Bollywood has always run on the notion of, “All is well that ends well”. There is a very scarce number of films that have an experimental ending. MiMi is streaming exclusively on Netflix and Jio Cinema from July 26, 2021. However, there is no keystroke formula for the success of a remake in B-Town. In the past few decades, we have witnessed some gigantic remakes of some average films. Also, some of them can’t match the supremacy of the original films. But, to conclude, in which category Laxman Utekar’s MiMi belongs is a little dicey. MiMi is a remake of a Marathi film “Mala Aai Vhhaychy” by Samruddhi Porey’s National Award-Winner in the year 2011. Surrogacy being a subjective topic in India, MiMi is almost a decade late to talk about this taboo in our society. Also, the markets have tried to make it appealing to the masses by going overboard and Bollywoodised it to melodramatic extent.
#Mimi expected everything, except for this unexpected journey! 😉
Watch the glimpse of her unexpected story with your family. #MimiTrailer out now: https://t.co/S9jZvejnfR
Releasing on 30th July on @JioCinema & @NetflixIndia. #NothingLikeWhatYoureExpecting
— Kriti Sanon (@kritisanon) July 13, 2021
A film is not made by portraying a single genre. There are several sub-genres also. Apart from portraying the social taboo of surrogacy, it has also shown casteism, foreigner’s exploiting Indians, and the dark side of a custom. MiMi is the story of a young girl (Kriti Sanon) who stays in Rajasthan with her family. She aspires to be a Bollywood actress and a die-hard fan of Ranveer Singh. Just like a typical small-town girl with high dreams. She needs money to go to Mumbai and be an actor in B-Town. Bhanu Pratap Pandey (Pankaj Tripathi) introduces her to a foreigner couple, MiMi meets them who wants a healthy and young surrogate mother for Rs. 20 Lakh. However, MiMi was shocked after knowing about the concept of surrogacy. Ultimately, she agrees for the sake of money, but unanticipated consequences follow. MiMi, the central character looks modern and sanguine, who is ambitious for her career but refuses to compromise.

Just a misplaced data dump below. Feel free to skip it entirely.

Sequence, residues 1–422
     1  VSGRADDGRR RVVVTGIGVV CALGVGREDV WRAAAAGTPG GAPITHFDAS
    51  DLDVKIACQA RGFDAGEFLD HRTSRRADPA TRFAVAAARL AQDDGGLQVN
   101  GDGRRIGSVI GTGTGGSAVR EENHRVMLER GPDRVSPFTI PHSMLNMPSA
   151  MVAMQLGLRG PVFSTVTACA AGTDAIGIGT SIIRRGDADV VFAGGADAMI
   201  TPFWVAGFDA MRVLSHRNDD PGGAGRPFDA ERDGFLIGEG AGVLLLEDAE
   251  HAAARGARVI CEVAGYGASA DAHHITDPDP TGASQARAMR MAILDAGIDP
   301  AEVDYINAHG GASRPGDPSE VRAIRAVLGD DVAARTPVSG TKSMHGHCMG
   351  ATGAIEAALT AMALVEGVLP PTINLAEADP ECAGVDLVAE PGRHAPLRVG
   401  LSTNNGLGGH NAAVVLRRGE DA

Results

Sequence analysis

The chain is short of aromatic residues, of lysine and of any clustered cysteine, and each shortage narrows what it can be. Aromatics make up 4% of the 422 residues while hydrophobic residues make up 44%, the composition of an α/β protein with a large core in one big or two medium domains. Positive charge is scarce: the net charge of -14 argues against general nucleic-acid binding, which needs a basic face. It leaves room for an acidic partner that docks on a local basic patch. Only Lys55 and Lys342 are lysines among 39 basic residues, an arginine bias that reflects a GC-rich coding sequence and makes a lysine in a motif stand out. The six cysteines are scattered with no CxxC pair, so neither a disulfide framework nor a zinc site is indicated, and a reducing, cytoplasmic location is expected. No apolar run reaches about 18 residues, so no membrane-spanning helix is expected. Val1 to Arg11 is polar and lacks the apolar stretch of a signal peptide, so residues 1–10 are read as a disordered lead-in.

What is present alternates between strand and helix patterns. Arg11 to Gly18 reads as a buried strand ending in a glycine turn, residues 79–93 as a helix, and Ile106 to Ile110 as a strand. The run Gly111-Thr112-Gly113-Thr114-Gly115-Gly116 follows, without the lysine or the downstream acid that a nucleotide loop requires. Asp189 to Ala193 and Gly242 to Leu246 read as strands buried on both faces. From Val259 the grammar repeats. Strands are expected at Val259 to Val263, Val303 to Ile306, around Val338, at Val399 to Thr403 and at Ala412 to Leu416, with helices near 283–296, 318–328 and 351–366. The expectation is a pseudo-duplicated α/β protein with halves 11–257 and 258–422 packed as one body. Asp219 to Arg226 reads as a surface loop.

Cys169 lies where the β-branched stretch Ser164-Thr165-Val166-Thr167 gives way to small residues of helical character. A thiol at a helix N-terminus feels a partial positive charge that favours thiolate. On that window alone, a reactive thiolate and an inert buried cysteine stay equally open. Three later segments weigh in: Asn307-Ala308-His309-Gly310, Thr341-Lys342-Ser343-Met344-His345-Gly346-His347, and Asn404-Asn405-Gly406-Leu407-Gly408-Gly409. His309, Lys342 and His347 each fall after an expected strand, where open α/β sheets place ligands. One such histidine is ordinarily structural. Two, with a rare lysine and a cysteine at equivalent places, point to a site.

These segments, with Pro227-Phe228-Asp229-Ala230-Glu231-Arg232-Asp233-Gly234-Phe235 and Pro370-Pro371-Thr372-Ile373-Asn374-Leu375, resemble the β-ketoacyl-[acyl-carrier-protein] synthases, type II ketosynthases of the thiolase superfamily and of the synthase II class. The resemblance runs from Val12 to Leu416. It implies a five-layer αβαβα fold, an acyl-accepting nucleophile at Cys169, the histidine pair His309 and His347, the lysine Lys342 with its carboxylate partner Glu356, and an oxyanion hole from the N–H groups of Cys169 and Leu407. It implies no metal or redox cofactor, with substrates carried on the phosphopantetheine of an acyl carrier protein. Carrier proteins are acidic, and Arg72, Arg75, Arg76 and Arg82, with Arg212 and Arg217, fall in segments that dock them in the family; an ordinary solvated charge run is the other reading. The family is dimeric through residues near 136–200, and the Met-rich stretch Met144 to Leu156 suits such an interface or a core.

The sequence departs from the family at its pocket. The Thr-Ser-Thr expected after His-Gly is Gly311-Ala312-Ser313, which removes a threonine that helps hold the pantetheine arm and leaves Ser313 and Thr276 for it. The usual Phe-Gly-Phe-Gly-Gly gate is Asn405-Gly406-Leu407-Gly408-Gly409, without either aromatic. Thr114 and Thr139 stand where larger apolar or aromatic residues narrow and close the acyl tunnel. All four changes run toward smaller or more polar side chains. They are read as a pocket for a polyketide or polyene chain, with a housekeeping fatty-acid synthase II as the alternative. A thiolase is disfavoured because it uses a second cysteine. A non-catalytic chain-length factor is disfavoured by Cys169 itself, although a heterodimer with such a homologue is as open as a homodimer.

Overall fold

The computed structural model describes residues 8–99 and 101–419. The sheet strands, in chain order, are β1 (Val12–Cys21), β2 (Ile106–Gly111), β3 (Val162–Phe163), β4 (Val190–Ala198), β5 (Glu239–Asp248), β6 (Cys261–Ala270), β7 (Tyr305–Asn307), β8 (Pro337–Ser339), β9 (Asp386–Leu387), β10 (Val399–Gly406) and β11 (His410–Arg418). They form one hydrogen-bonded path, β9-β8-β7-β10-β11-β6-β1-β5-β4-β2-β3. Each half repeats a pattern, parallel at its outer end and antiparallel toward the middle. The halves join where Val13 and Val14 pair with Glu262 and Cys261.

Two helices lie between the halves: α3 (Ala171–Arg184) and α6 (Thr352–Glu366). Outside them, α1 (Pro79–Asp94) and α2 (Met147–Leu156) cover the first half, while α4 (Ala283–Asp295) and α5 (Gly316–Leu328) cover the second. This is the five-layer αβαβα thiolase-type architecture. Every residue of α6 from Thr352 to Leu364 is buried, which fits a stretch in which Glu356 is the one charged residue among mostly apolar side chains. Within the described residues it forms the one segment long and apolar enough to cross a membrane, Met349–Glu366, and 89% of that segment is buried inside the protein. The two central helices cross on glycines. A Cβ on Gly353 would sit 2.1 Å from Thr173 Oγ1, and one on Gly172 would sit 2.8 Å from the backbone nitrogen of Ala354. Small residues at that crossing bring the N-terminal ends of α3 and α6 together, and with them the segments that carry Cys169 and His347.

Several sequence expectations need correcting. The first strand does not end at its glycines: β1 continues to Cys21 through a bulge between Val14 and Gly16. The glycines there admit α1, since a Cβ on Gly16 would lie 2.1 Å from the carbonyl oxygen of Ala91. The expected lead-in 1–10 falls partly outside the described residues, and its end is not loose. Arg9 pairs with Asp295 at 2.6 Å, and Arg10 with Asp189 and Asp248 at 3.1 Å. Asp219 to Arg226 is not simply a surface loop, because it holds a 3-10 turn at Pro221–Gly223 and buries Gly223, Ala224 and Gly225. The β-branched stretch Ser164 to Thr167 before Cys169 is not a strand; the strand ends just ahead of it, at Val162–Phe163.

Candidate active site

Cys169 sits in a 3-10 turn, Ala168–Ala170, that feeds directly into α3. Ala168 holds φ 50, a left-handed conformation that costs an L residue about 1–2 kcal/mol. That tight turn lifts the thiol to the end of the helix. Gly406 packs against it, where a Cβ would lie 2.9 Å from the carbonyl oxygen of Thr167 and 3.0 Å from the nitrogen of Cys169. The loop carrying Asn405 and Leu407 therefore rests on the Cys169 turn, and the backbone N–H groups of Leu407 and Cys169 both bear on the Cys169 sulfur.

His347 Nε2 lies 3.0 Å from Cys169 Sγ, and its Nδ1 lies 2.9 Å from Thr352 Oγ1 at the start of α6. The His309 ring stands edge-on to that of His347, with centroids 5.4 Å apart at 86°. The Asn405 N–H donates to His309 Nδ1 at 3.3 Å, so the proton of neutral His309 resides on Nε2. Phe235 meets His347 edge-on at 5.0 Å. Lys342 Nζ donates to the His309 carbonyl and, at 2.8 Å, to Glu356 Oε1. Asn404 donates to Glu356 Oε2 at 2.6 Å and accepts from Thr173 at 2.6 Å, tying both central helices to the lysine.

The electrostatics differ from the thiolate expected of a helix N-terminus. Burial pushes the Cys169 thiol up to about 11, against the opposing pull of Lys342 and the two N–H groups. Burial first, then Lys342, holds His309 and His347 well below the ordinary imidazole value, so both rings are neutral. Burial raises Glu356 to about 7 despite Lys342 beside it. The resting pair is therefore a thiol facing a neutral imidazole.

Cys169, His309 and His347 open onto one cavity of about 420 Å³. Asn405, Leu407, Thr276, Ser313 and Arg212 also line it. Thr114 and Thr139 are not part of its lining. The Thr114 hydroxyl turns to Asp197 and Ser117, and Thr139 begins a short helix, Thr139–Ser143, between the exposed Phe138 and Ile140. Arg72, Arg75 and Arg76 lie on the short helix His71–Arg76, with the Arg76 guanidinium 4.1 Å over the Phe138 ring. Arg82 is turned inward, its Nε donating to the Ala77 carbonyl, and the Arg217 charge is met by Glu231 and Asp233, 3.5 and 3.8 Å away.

WONDERFUL-EMOTIONAL- HILARIOUS. These 3 words describes the extraordinary journey of #Mimi. Brilliantly directed & written by #LaxamUtekar. @kritisanon delivers an award winning act,excels in both comedy & emotional scenes, @TripathiiPankaj is PHENOMENAL. pic.twitter.com/9E7niPqpif
— Sumit Kadel (@SumitkadeI) July 26, 2021
But you can’t win the hearts of the Indian audience without melodrama. Laxman Utekar who has also co-written the film has not shied away from going virulent with emotions. And, this emotional roller-coaster was exaggerated to an extent that makes it a little irritating at one point. Somehow, the makers managed to provide an essence of laughter after every short interval of time. That laughter stroke was presented by Pankaj Tripathi. Whether you give a silent and violent character of “Sultan” from Gangs of Wasseypur or a royal ruler of Mirzapur as “Kaleen Bhaiya”, Pankaj Tripathi aces the character every single time. If we talk about the direction of the movie, Utekar has improved a lot from his previous Hindi directorial conjecture “Luka Chuppi”. Talking about the cinematography there was a lot of shots variation that created a next-level impact. That over-the-top shot when MiMi delivered the baby was showing mixed emotions. At that point, MiMi’s motherly instinct was also taking birth with the baby. Another one, when MiMi was running to meet the foreign couple, that hustle around the frame was evident. This hustle was shown because MiMi was completely disturbed by the fact that the foreigner couple is refusing to accept the baby.
Now, comes the lead character MiMi (Kriti Sanon) who strives to make her name in the new world of women-centric cinema. This market is currently dominated more by Taapsee Pannu and Alia Bhatt. MiMi was by far Kriti Sanon’s best performance. From being a young ambitious girl with dreams in her eyes to become an actress, to be matured enough to handle a baby by leaving all her dreams behind. This is the portrayal of an authentic Indian Woman, who plays many different roles in her life. But is it enough? We see a cosmic scope of improvement as she doesn’t realize when her acting turns into overacting.
Every MiMi deserves a friend like Shama (Sai Tamhankar). Shama is innocent, selfless, and always stands for MiMi no matter what. And, that’s when the sub-genre of the film reflects. Shama talks about her husband who left her by giving “Teen-Talak”. After that Manoj Pahwa and Supriya Pathak who plays MiMi’s parents, gave a satisfactory performance. Last but not least an actor who deserves applause is the child who plays Aatif, a student of MiMi’s father. His comic timing was hilarious and it will not be a surprise if we see him in more films further.
Now, comes that music that is the soul of every movie. The original songs and background score for MiMi are composed by AR Rahman. Lyrics are done by Amitabh Bhattacharya. Also, the songs complement the storyline and go parallel with the plot.